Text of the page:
Red States could pass laws that prohibit all new residents from voting in any election except for maybe the presidency.
For 7 years.
Gives them a chance to live a competent lifestyle for a while.
Build a Wall!
Like Escape from LA or Escape from New York!
Normally an article like this would also include the lowest cost of living states. And also, list all of the states in order. So I feel like this article is unfinished. It should say something like “part 2 is coming tomorrow” don’t you think?
why : judgement
Godless, Baby killer state in the union
Crime, Greed, selfish as you can get
promotes anti god policies
most discrimination state by policies
promotes lust, fornication , adultry, false god worship, anything but truth
taxes everything , lies to its people
laws for criminals , not citizens
election theft like no other , only where dead and illigals vote and never see a ballot
do the research , do the math , do the work to see the truth
read about the laws
called santuary , but in reality , setting up for more slavery and slaves to work for free to pay the tax role
All are Democratically run states.
In most of the cases it does not matter where you live because you don’t have the money to move so your stuck where you are at. Thus you have to learn to make the best out of what you have.
Most people would not move for one major reason can you actually trust anyone telling you that you would be better off here or there. See every where you live the salaries usualy follow close to the expense or people would not live there. In some place they might have high expense in fuel so the companies have to compensate by giving a high salary or they will not be able to get employees.
If you do the calculations you will find that now for laborers the income just about covers the expenses but as you go up the ladder you might have 10 to 20 % left over.
So it does not matter where you live. All this crap about this place cost more than this place is just that crap because the lower cost areas have lower pay rates and higher cost areas have higher pay rates. I know I have worked in many different locations.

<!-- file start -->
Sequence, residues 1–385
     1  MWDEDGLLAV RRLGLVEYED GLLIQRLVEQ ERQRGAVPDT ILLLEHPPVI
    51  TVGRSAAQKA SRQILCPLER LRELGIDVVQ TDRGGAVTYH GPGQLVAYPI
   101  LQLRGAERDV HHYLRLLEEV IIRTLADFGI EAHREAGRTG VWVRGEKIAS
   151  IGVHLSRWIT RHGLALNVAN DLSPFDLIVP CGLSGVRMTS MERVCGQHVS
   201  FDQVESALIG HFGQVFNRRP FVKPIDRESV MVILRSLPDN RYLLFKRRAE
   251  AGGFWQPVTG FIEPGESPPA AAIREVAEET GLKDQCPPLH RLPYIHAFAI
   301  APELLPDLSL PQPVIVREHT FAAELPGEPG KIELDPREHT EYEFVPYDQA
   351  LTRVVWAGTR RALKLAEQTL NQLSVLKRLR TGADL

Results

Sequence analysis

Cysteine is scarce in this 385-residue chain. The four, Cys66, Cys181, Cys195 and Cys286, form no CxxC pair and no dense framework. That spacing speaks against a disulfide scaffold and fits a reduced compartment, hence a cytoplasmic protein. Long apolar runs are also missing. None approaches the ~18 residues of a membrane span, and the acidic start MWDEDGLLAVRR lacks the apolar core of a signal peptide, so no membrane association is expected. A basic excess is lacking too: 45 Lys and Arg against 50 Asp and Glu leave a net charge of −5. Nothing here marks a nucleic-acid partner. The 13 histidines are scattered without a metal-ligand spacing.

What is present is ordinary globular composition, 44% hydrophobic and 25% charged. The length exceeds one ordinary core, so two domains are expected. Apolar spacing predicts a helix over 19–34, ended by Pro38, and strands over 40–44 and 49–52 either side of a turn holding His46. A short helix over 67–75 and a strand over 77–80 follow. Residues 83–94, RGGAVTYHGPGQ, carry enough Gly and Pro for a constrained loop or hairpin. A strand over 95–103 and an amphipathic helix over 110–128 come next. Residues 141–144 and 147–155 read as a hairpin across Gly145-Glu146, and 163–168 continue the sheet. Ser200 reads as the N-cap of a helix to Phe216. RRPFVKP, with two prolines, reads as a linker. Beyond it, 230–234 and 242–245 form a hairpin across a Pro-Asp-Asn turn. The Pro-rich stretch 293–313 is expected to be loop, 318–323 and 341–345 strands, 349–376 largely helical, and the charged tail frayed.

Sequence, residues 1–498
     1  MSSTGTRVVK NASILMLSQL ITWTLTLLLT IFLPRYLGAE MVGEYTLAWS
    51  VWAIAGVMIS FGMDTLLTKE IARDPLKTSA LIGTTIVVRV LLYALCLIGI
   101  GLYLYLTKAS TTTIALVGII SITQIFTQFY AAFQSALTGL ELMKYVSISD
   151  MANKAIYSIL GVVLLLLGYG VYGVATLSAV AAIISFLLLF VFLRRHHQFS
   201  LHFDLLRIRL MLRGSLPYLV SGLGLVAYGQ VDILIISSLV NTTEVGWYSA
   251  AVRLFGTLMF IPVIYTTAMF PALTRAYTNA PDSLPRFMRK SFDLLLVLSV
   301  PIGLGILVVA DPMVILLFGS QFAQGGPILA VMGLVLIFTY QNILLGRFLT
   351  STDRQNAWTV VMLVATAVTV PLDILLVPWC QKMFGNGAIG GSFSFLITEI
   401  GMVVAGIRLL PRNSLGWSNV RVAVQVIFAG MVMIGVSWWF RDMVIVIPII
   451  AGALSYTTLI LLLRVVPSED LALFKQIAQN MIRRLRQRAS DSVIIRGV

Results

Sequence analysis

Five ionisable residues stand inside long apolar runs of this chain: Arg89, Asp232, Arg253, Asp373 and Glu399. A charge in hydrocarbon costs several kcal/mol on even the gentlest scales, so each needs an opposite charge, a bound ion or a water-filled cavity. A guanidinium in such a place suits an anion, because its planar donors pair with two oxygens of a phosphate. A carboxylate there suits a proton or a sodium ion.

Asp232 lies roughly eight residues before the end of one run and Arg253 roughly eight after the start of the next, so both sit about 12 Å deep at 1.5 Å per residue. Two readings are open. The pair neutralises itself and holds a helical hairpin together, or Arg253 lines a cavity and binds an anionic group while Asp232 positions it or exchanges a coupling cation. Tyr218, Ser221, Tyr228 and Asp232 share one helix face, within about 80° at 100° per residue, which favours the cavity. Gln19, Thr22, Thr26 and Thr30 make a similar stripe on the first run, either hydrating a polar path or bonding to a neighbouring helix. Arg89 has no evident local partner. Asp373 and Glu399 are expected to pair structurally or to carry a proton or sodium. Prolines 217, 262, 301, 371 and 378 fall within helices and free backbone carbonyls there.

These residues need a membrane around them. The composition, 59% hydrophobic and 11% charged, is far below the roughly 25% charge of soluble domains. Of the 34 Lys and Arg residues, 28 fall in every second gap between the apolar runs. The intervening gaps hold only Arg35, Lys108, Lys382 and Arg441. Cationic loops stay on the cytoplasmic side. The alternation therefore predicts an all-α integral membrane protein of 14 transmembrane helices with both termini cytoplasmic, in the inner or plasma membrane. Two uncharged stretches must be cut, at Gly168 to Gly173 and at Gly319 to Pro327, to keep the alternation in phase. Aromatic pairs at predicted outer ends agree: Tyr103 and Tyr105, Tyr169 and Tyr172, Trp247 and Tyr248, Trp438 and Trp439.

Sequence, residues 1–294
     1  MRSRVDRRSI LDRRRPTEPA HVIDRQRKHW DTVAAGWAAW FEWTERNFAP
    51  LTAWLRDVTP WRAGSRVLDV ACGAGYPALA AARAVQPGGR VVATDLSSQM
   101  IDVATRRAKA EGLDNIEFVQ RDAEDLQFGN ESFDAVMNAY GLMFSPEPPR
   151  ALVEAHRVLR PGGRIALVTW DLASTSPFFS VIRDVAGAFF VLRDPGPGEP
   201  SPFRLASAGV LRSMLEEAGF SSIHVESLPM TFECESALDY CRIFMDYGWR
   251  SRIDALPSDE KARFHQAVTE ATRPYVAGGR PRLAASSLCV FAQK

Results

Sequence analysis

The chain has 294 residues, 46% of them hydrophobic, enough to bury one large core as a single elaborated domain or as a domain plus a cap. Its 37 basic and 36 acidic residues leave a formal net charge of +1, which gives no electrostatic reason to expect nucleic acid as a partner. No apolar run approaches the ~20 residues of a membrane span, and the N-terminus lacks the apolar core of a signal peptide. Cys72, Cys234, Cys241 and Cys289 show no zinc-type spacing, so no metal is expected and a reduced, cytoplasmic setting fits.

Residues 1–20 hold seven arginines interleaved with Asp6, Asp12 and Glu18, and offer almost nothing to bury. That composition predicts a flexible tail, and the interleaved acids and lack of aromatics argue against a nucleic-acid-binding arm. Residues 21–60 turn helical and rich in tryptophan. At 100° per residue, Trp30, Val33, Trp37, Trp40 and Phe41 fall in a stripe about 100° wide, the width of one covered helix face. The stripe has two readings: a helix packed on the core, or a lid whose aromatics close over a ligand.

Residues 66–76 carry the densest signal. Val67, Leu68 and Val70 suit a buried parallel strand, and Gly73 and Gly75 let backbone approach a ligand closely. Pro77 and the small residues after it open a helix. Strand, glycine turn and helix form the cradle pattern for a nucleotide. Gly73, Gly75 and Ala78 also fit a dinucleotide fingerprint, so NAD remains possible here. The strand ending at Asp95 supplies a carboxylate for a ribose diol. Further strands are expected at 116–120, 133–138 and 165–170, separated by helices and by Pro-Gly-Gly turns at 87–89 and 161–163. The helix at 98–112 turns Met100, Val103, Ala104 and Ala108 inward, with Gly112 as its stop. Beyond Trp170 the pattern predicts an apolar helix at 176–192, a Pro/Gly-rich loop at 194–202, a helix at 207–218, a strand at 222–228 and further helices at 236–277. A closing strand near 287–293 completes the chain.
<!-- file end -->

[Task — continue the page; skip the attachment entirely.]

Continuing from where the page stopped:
DREADED: You are absolutely correct, except perhaps for California, where to own a home is nigh onto impossible! HOWEVER, we live in Central New York State, which is one of the loveliest places in the USA, except perhaps near the Rockies. The food, water, quality stores, etc. are all nearby or within less than 1 hr. away, MANY FAMOUS ORGANIC FARMS, and cost is ridiculously low to live. Our home is 4 bedrooms, plus, plus, plus with 5 acres of very good former farmland, on which we have added many berry bushes, including several that are superfoods, many fruit trees, with a nationally protected wetland beyond the limits of the woods behind our back yard, That means should the water supply go, we can easily access 5 gal. buckets of water to flush toilets (NOT drink it!), and the water attracks deer and tons of geese, so we would have access to hunting for food right on our property(!), and there is so much more. The town is smallish, but not tiny, has access to so many benefits, but because we live not far from Lake Ontario, and so many vineyards and farmers everywhere. So, our home, a 4 bedroom home with one stained glass window and a lovely fireplace with propane heater in it are wonderful and helpful. There is so much to offer in this area, but NYS is very expensive via taxes. HOWEVER, we cannot afford to ever move south due to the insane housing prices down south nowdays. What we have here, I am told in Colorado would go for more than 1/2 million in Colorado, yet we figure we’d be lucky to get $170,000 for it locally, so no”equivalent” moving possible! And YES, I know that so many people think that living in NYS must be like living in a hell-hole, but it’s not! We live much closer to Erie, PA than we do to NYC, which is more than fine with us!! The people are generally very nice here. You can count on most friends staying friends with you and our church is EXTRAORDINARY!! So many generous and kind people in this area, though I am NOT talking about Rochester, NY anymore.,,comparable a bit to the dangers of Chicago nowdays, they tell me. It used to be great, but now we avoid it except for certain suburbs that are still more or less awesome! Syracuse is just fine and has access to tons of whatever you need, some top surgeons out there, too! Anyway, this is long, so I am finished now. Let me tell you, though, I have heard how horrible NYS is for decades, but I tell you that where our daughter is moving to next week, which is Northern Jersey, is 2x’s plus more expensive than here, and a LOT more at risk to live in!